Yesterday Donald McNeil published a follow up post about his firing from the New York Times on Medium. He blames a culture of hypocrisy and elitism and compares his forced apology to the controlling power of Chairman Mao.
I’ve only been a fan of Donald McNeil’s reporting since I first heard him on The Daily podcast last spring when the first wave of the pandemic was just getting rolling. McNeil spoke matter-of-factly and provided some much needed guidance in a world full of speculation and fear. He explained how testing, isolation, and contact tracing were the three tools that were going to get us through this mess. From that point on whenever McNeil was on the podcast I would parrot the information to friends and coworkers, and I felt like I knew what I was talking about concerning the pandemic. It was more than just great reporting — his reporting was full of information and history. They don’t have a prize for this, but they should. It’s reporting that’s useful, timely, and life-saving.
Last month I read about The New York Times’ decision to fire McNeil. Apparently, he had used the N-word while talking with students on a New York Times field trip for wealthy American teens in Peru. His statement:
“I was asked at a dinner by a student whether I thought a classmate of hers should have been suspended for a video she had made as a 12-year-old in which she used a racial slur. To understand what was in the video, I asked if she had called someone else the slur or whether she was rapping or quoting a book title. In asking the question, I used the slur itself. I should not have done that. Originally, I thought the context in which I used this ugly word could be defended. I now realize that it cannot. It is deeply offensive and hurtful. The fact that I even thought I could defend it itself showed extraordinarily bad judgment. For that I apologize.”
Is it just me or does this apology sounds like it was written by lawyers?
Anyway, more details started to leak out. It was strange that the Times also let go Andy Mills — notorious drink dumper and misogynous Caliphate podcast dude — on the same day. You can’t help but wonder about the timing. What does one have to do with the other? We may never know.
Last week McNeil responded to the students’ accusations in four parts on Medium. It took me awhile to get to all four parts but it’s recommended reading, this guy knows how to write:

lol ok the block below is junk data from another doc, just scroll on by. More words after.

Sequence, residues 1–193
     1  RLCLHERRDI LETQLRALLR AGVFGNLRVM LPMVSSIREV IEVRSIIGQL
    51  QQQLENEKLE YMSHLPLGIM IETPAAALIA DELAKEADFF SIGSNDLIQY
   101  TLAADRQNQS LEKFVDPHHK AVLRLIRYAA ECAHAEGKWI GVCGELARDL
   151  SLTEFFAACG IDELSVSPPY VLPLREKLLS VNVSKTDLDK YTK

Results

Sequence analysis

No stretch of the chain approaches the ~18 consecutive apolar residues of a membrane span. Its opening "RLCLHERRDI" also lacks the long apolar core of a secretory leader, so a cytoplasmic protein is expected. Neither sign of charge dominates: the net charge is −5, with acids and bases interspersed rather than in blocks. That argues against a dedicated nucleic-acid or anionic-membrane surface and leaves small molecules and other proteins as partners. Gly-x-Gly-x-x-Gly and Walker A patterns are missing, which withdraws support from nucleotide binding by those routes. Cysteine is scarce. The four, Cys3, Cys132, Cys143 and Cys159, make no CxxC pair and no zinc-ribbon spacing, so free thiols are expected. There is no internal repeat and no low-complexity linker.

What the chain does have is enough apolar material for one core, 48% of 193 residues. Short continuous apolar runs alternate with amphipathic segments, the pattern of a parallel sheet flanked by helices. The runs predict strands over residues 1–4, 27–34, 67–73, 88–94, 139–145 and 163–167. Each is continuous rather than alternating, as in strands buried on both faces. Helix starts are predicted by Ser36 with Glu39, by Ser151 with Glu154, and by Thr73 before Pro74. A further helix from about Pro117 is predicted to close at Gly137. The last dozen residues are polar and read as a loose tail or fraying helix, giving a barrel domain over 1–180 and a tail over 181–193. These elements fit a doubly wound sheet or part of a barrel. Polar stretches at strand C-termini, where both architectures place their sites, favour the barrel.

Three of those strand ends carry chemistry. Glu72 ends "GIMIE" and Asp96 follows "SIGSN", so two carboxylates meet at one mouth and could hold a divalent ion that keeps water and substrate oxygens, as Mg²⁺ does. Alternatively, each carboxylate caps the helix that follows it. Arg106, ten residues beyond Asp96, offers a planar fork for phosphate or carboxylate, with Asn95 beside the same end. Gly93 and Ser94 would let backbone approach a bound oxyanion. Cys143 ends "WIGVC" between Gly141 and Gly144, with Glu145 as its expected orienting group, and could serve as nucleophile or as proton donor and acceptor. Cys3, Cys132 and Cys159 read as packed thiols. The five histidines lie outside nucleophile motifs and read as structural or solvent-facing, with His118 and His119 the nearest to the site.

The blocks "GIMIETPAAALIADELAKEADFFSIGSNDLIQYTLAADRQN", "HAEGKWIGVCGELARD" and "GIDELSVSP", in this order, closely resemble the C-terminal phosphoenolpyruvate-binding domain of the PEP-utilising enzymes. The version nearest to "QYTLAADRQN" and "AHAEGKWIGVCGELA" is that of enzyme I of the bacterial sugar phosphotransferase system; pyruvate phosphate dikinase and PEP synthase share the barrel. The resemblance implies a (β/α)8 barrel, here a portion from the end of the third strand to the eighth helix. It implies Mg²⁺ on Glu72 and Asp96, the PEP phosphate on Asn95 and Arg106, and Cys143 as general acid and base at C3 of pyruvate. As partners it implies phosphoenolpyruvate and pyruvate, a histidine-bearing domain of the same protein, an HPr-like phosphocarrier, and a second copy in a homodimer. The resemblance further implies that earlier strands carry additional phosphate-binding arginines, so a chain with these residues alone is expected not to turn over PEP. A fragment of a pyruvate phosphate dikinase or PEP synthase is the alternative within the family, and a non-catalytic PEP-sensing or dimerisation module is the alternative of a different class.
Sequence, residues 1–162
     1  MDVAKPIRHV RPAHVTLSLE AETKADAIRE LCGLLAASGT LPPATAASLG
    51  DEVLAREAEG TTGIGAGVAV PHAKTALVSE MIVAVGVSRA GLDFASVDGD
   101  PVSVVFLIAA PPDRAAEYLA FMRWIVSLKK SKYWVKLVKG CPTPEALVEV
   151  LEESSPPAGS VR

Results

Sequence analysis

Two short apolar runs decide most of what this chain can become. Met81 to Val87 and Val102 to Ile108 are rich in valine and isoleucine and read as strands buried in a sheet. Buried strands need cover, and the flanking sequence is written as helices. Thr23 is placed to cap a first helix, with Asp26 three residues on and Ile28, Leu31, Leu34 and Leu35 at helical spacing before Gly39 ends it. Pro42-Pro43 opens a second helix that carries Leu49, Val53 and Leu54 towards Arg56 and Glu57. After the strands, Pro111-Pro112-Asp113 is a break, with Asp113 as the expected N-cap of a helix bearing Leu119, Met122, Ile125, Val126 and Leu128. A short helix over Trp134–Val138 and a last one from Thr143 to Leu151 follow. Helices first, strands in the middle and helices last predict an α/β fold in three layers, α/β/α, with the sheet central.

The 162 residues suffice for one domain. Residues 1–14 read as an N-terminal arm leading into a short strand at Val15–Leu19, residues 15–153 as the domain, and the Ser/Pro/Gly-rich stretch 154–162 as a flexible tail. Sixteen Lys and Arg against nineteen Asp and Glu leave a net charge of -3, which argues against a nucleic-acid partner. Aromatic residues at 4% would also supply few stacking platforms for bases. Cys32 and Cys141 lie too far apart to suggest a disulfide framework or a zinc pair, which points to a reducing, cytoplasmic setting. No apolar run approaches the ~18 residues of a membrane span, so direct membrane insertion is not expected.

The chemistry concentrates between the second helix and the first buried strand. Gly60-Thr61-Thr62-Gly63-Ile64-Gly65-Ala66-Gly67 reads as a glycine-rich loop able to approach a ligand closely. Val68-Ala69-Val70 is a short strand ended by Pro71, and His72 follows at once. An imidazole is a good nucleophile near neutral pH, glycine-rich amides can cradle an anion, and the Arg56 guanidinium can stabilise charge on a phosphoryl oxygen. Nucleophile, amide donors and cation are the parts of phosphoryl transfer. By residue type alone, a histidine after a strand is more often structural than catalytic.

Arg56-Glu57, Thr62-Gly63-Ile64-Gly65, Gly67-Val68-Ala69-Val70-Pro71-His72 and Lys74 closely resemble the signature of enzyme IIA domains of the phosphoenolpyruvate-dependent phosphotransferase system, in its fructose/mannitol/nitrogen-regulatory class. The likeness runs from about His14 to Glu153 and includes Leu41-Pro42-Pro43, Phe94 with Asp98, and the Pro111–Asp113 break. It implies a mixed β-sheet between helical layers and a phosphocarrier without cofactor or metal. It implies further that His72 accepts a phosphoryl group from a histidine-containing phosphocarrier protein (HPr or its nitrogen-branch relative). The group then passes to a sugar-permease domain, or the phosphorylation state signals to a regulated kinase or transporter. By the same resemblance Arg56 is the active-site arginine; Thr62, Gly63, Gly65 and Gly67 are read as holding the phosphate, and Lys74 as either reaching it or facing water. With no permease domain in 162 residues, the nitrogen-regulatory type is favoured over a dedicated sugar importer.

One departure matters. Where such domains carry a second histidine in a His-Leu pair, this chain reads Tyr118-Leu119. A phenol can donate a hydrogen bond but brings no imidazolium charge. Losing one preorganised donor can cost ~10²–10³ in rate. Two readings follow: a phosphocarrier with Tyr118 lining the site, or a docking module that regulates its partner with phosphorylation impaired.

After reading his side of the story, and there may be more the story that even McNeil doesn’t realize, but if we take him at his word that this is what happened, I’m left thinking that the Times made a huge mistake and I look forward to hopefully hearing from McNeil at his next gig.
Jane Rosenzweig, writing for The New York Times:
“I can’t tell you what’s going to happen to his blockbuster complaint about the president’s behavior, but I can tell you that the whistle-blower’s college writing instructor would be very proud of him.”
As a writing instructor myself for 20 years, I look at the complaint and see a model of clear writing that offers important lessons for aspiring writers”.
Rosenzweig’s breakdown makes me want to use this an illustrative guide in my classroom.
Israeli entrepreneur, Shai Reshef, plans to combine the world’s open source educational material and create the world’s first free global university*.
“The open-source courseware is there, from universities that have put their courses online, available to the public, free,” Mr. Reshef said. “We know that online peer-to-peer teaching works. Putting it all together, we can make a free university for students all over the world, anyone who speaks English and has an Internet connection.”
Reshef plans on starting things small. Starting this fall, 300 students will enroll in bachelor’s degrees in business administration and computer science.
*Free as in open source, not free as in beer. However, it doesn’t look like it will be particularly expensive. From the article: “students would pay only nominal fees for enrollment ($15 to $50) and exams ($10 to $100), with students from poorer countries paying the lower fees and those from richer countries paying the higher ones.”